The Brazilian solar sector expects that in December’s next power auction Nº 04/2017 (auction A-4), which will be held on Dec. 18 and will also include solar among other energy sources, around 1 GW of new PV capacity could be contracted, according to the report “Estudo Estratégico – Mercado Fotovoltaico de Geração Centralizada 2017,” published by Brazilian consultancy company, Greener.
The report provides extensive data on all three previous power auctions, including solar, which were held between 2014 and 2015 – in 2016 the two planned auctions were cancelled due to lack of energy demand and Brazil’s economic crisis. It reveals that all the 249.7 MW of solar projects whose PPAs were cancelled by the Brazilian government through a specific auction held in August, which was intended to cancel projects that were not being implemented, are related exclusively to the first auction held in 2014, in which 889 MW (AC) of solar was contracted. Of this capacity, 570 MW has high probability of becoming operational, while the remaining 70 MW, according to Greener, has a low probability of being deployed.
As for the first auction held in 2015, in which 883.7 MW (AC) of solar capacity was assigned, Greener believes that, except for 5 MW that has a low probability of being installed, all of it has a high probability of seeing completion and grid connection. On the other hand, the president of the Brazilian solar association ABSOLAR, Rodrigo Lopes Sauaia, told PV magazine in October, that the projects selected in auctions held in 2015 were better positioned than those selected in 2014, in order to reach completion.
According to Greener, the projects selected in the second auction held in 2015, in which 929.3 MW (AC) of PV projects were contracted, are being developed under better conditions. The report, in fact, reveals that of these projects 350 MW have a very good chance of becoming operational, as developers are on process to contract equipments and EPC; around 544.3 MW have a medium probability of coming online; and just 35 MW have a low probability of being constructed.
Overall, 1,748 MW from the three auctions have a high probability of success, while 249.7 MW were cancelled, 544.3 MW have a medium probability of completion, and 110 MW have a low probability of becoming operational. Greener also finds that, on top of the 880 MW that will be operational by the end of this year, another 1.29 GW has high or medium probability of seeing the light of day by the end of next year.
Of the 880 MW expected to become operation this year, 150 MW are located in the state of Minas Gerais, 430 MW in Bahia, 270 MW in Piauí, and 30 MW in Rio Grande do Norte. Of the capacity forecast to come online in 2018 and is currently under construction, another 300 MW will be located in Minas Gerais, 150 MW in Sao Paulo, 89.7 MW in Bahia, 80 MW in Rio Grande do Norte, and 90 MW in Paraiba.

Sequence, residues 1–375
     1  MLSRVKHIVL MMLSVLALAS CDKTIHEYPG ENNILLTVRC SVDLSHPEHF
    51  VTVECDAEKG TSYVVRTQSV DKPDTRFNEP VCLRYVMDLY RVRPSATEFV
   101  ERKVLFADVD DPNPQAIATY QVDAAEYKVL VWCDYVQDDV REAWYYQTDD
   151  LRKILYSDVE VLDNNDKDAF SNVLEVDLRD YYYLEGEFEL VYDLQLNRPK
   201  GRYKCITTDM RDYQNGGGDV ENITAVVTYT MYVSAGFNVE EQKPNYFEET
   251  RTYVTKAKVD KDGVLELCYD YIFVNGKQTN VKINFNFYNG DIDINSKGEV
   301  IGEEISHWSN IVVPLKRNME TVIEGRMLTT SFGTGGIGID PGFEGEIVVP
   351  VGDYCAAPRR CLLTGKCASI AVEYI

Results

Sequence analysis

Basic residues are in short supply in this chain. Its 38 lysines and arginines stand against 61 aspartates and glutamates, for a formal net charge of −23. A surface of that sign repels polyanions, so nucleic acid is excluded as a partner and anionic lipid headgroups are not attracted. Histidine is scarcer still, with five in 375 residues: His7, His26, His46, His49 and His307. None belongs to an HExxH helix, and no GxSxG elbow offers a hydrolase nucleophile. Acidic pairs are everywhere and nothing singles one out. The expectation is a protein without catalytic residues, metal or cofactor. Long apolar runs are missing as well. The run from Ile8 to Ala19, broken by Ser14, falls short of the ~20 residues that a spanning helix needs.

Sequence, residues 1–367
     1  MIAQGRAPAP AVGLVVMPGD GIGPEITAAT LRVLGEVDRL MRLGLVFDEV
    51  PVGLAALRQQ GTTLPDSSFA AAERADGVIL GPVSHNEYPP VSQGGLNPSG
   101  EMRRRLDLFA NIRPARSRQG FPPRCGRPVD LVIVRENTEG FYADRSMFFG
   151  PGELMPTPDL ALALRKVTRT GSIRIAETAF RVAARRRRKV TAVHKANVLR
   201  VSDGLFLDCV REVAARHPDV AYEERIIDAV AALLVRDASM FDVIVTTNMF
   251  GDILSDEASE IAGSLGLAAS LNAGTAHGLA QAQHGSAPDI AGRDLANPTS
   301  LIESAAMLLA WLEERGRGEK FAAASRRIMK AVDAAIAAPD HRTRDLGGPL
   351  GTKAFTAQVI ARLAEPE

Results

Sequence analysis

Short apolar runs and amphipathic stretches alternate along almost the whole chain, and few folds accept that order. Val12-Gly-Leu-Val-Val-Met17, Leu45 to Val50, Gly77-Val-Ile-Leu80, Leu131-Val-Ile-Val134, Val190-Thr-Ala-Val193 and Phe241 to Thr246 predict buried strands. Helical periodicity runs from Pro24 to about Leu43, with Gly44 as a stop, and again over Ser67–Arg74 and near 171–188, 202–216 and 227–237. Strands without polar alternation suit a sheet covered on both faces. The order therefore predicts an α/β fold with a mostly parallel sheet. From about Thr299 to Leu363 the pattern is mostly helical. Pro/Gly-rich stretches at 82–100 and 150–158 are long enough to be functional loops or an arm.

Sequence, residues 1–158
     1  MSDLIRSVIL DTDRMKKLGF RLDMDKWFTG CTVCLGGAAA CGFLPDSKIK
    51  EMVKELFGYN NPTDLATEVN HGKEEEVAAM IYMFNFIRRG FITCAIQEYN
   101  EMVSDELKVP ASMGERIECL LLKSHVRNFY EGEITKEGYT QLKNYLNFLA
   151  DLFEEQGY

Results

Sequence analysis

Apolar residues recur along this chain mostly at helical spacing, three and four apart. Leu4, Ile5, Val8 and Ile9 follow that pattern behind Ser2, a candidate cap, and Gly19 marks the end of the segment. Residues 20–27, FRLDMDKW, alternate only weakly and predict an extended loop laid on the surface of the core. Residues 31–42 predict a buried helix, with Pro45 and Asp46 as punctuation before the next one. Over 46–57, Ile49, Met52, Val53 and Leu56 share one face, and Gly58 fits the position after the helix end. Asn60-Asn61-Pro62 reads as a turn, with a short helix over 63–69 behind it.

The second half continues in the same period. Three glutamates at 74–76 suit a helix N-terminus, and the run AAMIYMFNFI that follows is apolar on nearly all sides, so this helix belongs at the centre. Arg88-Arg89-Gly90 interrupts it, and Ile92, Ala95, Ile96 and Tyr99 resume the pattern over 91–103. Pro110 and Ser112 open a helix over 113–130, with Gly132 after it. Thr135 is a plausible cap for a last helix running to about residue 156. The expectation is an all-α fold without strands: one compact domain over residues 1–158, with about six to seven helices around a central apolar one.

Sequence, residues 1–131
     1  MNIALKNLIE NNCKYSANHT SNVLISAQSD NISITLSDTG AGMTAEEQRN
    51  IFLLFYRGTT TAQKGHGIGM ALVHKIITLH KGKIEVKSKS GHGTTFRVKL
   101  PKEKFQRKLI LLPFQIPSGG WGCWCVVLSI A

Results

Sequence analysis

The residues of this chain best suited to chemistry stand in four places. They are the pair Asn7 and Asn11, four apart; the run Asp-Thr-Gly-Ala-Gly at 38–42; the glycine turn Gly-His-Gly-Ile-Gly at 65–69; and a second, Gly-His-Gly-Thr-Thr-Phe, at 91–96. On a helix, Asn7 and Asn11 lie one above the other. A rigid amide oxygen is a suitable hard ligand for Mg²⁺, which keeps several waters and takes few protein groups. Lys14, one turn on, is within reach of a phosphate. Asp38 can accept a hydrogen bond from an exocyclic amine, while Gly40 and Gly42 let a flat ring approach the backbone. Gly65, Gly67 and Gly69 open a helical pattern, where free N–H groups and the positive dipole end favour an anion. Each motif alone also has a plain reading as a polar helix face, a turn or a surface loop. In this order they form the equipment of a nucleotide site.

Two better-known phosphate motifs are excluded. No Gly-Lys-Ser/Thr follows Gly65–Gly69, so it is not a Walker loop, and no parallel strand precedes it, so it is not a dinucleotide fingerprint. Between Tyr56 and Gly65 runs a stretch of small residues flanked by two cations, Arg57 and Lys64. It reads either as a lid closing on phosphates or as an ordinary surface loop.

The report further reveals that in 2017, total investment volume in large-scale solar selected in Brazil’s auctions held between 2014 and 2015 will reach around 3,654 million BRL (around US$1.12 billion), while investments in 2018 and 2019 are expected to reach 5,391 million BRL and 934 million BRL, respectively.
The authors of the report stress that modules produced in Brazil are currently between 35% and 55% more expensive than imported solar panels, and that the current capacity of the Brazilian solar module industry cannot satisfy demand. According to the report, Chinese manufacturer Jinko is currently the largest provider (and importer) in Brazil, accounting for 29% of demand, followed by other two Chinese manufacturers, Canadian Solar and BYD, which have both opened panel factories in the country, and have reached a share of 25.5% and 21.2%, respectively. JA Solar is the fourth provider, with a market share of 12.9%, followed by GCL (5.6%), First Solar (3.8%), and Trina (1.3%). These data relate to projects that operational and under construction.
In terms of inverter shipments, which also relate to projects that online or under construction, GE is the largest provider with a 40.2% market share, while Fimer and SMA are the second and the third suppliers with a percentage of 25.7% and 13.2%, respectively.
The report also simulates energy prices for projects that will compete in next December auction. Greener experts believe that the auction’s solar energy prices will be below R$ 220/MWh (US$ 69/MWh), thus showing that solar energy is becoming really competitive in the country.